The Bradlieus applied for Road Home support in early 2007, and after waiting nearly a year for a response, they were turned down on grounds that they had not proved title to their home. Henry and Gladys had bought their home through a bond for deed credit sale directly from the former owner, a strategy often used by African American families who were denied home mortgages from regular banks in the 1970s. The Bradlieus paid the taxes and were the owners of the home, but the Road Home Program didn’t accept the Bradlieus’ claim. Henry and Gladys then began the long and arduous process of trying to find out how else to prove they owned their home.

Henry and Gladys were not alone. By late 2008, three years post-hurricane, nearly two-thirds of the funds made available to the Road Home Program had not yet been disbursed. Even for those who had received awards, the funding was insufficient to rebuild without incurring further debt. Adding insult to injury, some people who received Road Home funds had to return large portions of the funds (sometimes up to half of what they received) to pay back taxes on properties they had not been able to live in for several years. For some, the Road Home funds had to be used to pay off mortgages on homes that could no longer be lived in. Assessments used by Road Home were far below what owners calculated–resulting in an abundance of arbitration cases. A citizens’ action group called Citizens Road Home Action Team (CHAT) formed to protest the slow pace of the Road Home Program. A Senate hearing was held where citizens voiced their concerns.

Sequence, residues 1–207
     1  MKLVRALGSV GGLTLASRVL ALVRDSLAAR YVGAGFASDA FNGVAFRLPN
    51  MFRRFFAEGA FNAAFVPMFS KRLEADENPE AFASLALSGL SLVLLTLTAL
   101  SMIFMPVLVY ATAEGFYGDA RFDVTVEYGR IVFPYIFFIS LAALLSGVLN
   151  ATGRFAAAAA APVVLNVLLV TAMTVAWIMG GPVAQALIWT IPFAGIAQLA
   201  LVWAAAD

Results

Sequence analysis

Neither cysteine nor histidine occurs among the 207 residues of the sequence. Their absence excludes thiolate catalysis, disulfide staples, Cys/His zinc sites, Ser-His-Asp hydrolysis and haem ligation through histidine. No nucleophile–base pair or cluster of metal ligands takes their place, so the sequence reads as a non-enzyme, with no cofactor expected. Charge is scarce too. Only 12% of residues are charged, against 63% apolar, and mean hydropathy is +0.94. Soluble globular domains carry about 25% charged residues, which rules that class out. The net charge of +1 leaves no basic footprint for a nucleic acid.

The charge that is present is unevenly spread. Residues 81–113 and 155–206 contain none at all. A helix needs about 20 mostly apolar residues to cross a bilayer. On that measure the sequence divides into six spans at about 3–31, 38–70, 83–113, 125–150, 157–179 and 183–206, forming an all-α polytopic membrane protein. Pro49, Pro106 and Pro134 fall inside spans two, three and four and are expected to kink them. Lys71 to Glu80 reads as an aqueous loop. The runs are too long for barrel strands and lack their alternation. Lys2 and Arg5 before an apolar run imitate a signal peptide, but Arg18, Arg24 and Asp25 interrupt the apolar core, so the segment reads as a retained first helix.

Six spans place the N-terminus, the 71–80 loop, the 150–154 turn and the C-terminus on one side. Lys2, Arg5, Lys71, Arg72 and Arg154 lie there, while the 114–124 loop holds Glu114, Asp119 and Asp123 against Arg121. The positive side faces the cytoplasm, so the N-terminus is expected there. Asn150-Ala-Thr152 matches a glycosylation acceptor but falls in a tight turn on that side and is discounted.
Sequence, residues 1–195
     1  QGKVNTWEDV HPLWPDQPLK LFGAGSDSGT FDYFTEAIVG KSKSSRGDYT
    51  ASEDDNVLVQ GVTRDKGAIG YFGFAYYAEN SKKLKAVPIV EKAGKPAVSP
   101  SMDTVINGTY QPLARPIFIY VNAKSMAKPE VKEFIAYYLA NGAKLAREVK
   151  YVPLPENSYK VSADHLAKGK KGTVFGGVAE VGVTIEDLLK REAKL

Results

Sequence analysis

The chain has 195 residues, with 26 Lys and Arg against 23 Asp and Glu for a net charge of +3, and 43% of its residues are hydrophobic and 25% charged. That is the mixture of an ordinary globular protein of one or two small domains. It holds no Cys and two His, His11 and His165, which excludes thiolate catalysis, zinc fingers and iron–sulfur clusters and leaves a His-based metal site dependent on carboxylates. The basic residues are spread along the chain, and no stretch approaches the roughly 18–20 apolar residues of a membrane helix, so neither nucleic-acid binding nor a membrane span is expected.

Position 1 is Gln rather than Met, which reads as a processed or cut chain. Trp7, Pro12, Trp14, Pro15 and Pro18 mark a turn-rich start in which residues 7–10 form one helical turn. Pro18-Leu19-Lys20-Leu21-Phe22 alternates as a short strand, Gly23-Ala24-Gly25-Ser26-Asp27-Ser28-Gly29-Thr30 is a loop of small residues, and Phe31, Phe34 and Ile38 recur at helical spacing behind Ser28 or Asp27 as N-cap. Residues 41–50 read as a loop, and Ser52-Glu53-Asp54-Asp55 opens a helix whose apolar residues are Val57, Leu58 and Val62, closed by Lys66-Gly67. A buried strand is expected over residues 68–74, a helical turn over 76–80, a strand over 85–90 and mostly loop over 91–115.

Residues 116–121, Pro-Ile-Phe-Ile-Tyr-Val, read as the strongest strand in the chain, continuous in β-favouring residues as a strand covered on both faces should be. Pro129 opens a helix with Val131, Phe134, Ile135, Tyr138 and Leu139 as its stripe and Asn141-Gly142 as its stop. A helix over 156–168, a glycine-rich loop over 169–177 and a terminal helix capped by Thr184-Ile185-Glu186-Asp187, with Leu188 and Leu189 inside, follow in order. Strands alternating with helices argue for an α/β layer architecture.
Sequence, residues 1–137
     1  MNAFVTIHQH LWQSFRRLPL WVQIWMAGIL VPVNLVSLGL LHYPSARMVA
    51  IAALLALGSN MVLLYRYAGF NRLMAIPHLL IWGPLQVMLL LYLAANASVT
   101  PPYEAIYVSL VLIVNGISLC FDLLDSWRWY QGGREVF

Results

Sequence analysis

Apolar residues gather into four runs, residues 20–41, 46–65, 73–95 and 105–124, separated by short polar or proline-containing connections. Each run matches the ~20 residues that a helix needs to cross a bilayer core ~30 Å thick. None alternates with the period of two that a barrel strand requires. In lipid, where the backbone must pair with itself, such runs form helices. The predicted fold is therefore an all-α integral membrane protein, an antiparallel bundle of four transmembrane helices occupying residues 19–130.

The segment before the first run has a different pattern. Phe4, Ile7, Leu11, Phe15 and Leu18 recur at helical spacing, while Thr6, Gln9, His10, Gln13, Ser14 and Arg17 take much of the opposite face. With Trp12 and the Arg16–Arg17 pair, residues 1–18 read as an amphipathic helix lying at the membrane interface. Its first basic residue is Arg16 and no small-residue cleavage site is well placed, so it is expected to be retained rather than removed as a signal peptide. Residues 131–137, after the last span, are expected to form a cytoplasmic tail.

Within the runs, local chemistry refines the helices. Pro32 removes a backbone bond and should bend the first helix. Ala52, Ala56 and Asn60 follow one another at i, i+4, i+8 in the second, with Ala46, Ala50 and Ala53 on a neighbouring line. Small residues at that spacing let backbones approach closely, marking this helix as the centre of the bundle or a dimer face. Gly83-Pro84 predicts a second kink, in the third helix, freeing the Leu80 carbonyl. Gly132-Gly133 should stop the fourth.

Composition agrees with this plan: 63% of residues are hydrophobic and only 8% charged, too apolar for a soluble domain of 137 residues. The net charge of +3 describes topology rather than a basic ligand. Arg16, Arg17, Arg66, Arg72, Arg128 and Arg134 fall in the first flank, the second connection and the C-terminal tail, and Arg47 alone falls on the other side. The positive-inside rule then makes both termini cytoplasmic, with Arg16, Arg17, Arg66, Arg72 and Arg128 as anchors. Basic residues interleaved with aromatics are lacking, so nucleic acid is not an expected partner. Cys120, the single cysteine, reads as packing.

Residents were quick to blame the inefficiencies of the Road Home Program on “the government,” using epithets like “run-around bureaucracy” and “drowning in a sea of paperwork.” In fact, the Road Home Program was being run not by the government but by a private sector company called ICF International. Typical of market-based solutions to the problem of poverty (even disaster-induced poverty) in America, ICF International was invited to design the recovery program before it was given the contract in another no-competition subcontractor bid in 2006. In record time, ICF quickly transformed its relief services into a source of market opportunism, issuing an IPO and seeing its shares more than double by 2007.